June 30, 2012


The Healthcare Myths We Must Confront (Cliff Asness, June 29, 2012, American)

The goals of healthcare reform--covering more Americans, improving outcomes, and doing so more cost effectively--are all laudable, but are all hampered by the continued belief in these myths. Rejecting these misconceptions is crucial to any chance of our eventually emerging with a better system.

Myth #1:  Healthcare prices have soared in the recent past

Everyone knows that healthcare prices have soared, but everyone may well be wrong. The statistics we see are always about the amount we spend on healthcare, not the price of healthcare. Consider a comparison of healthcare in the 1950s versus today. In the 1950s, you had none of the subsequent developments in pharmaceuticals, surgery, diagnosis, etc. How much would you pay for that versus today's healthcare? Not so much, I'm guessing. In fact, if you look around the world, in impoverished countries you can probably find a reasonable facsimile of this 1950s healthcare at a low cost. While this example is intentionally extreme, the measurement problem it illustrates is important. The quality of the best healthcare has soared over time. This measurement problem is not unique to healthcare. Measuring the price inflation in computers is incredibly difficult. If the price of a laptop today is the same as 20 years ago, but the laptop is ridiculously better now, hasn't the price really fallen dramatically?

Consider another hypothetical. Imagine we develop a cure for all cancers that costs a flat $1 million per person and works perfectly. Let's assume this is more than the total cost to treat these cancers otherwise. In this case, the amount we spend on healthcare will likely rise dramatically, because it just got much better and we chose to spend more on it. The cure we are talking about did not exist before now, so it does not make sense to ask whether the price rose. Here's a better question. Are we better off even though we are spending much more on healthcare? Yes, we are, although some will cite the dramatic rise in our healthcare spending and demand that action be taken.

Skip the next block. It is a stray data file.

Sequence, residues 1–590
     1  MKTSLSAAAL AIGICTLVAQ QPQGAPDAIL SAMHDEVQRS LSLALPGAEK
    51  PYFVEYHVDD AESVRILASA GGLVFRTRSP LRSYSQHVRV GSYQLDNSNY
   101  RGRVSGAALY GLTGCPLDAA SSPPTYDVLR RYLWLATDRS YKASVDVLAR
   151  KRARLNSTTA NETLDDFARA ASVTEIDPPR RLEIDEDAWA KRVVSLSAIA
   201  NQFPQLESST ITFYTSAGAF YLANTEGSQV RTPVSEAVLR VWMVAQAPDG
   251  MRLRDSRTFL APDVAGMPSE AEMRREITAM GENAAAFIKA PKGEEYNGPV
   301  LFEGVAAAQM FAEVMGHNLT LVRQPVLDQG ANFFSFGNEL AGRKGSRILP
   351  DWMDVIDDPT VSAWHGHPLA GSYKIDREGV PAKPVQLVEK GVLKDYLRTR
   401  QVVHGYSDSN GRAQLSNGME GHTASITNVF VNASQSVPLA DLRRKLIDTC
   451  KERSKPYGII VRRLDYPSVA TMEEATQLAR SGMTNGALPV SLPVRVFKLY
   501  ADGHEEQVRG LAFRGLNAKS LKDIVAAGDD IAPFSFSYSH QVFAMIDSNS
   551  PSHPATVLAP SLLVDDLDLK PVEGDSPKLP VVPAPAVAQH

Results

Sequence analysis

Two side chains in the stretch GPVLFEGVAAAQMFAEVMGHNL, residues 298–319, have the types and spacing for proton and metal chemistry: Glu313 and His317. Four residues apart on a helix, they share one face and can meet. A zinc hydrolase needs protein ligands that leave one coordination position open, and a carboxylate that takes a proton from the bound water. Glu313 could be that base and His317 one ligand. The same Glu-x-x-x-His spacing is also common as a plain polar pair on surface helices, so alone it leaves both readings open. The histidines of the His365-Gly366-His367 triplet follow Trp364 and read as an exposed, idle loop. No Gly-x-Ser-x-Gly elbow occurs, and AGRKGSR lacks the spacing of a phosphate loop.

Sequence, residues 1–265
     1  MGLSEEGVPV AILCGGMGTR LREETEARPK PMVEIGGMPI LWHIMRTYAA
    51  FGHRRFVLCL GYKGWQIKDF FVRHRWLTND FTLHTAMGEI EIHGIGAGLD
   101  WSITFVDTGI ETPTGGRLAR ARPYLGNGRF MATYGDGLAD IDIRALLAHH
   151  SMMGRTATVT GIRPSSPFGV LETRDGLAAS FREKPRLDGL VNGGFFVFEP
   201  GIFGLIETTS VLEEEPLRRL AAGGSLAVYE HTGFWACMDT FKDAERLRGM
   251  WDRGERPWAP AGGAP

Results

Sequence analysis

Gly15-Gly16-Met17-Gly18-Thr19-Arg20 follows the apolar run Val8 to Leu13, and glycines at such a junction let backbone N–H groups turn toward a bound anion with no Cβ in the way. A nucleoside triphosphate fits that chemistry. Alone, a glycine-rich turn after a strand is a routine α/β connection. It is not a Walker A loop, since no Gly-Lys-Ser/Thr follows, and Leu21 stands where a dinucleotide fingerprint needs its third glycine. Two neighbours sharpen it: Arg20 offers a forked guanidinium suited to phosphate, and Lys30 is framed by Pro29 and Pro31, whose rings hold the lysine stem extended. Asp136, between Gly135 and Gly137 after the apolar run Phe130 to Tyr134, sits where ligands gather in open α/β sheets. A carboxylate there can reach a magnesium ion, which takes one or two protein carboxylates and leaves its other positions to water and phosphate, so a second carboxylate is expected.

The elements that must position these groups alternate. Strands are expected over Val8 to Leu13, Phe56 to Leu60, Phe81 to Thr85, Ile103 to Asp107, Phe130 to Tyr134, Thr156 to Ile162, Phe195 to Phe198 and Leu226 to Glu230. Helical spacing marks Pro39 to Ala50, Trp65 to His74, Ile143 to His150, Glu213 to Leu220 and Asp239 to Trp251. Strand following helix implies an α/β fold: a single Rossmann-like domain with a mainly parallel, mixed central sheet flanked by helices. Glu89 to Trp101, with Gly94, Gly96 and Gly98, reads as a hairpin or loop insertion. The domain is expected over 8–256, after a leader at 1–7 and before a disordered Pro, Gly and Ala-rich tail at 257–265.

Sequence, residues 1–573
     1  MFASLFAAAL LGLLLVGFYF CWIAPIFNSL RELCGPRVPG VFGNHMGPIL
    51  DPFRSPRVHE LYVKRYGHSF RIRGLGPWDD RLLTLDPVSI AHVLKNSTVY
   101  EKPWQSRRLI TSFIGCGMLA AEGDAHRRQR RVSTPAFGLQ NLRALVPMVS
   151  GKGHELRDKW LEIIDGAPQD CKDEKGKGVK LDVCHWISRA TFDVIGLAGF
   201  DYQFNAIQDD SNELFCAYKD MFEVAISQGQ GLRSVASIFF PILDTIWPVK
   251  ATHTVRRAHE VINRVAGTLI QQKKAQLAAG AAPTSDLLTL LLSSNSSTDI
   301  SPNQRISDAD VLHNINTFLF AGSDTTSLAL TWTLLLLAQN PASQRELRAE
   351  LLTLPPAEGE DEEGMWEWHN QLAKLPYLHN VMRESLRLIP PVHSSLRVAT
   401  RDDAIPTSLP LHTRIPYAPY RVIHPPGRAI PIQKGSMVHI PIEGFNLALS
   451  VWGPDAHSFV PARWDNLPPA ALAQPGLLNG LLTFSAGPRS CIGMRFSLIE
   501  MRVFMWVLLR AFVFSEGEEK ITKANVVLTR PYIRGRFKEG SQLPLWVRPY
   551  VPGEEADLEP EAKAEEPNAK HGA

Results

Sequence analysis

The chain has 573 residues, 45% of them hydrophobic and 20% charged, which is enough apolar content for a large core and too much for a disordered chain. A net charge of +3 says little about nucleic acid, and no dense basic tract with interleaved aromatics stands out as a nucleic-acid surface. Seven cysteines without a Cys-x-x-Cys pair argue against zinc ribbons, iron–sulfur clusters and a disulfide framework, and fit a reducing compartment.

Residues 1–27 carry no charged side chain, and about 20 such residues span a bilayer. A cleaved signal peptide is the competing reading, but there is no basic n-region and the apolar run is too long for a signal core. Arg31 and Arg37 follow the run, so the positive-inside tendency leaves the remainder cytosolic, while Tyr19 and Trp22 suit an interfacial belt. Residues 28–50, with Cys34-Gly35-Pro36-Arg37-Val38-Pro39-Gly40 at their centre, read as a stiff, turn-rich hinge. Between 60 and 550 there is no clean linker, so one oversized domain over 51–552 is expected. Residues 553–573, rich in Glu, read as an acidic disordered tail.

One more, and let's get really simple. In the olden days, our great-grandparents might have had one pair of reading glasses. Now, many of us have one pair at home, one in the car, one at work, etc. Because we are more prosperous we spend more on reading glasses than our forebears, even though the price has not necessarily changed. Again, there is a gigantic difference between what we spend on something and its price. And again, the comparison of old and new prices is particularly vexing in healthcare because most of the healthcare we buy was not even invented when our great-grandparents were ill.

The above is highly relevant to our ongoing debate because the "soaring price of healthcare" is often cited as a reason we desperately need reform, perhaps radical reform. Even if correctly referred to as the "soaring cost of healthcare," this is presented as an unambiguously bad thing, when that is certainly false. It's bad when it's a function of waste or monopoly power gained through cronyism--undoubtedly part of our system and, as usual, with government the main culprit--but not bad when it's the result of improvement, undoubtedly a huge component over time. The price of healthcare over time is hard to accurately measure, but those screaming about the price soaring are probably wrong.

Until consumers have their own skin in the game, there's no reason for them not to waste money in this fashion.  Universal HSAs will force each of us to consider whether we'd rather have six pairs of glasses and all kinds of vanity procedures or rather have the money in our own savings accounts.

Posted by at June 30, 2012 8:39 AM

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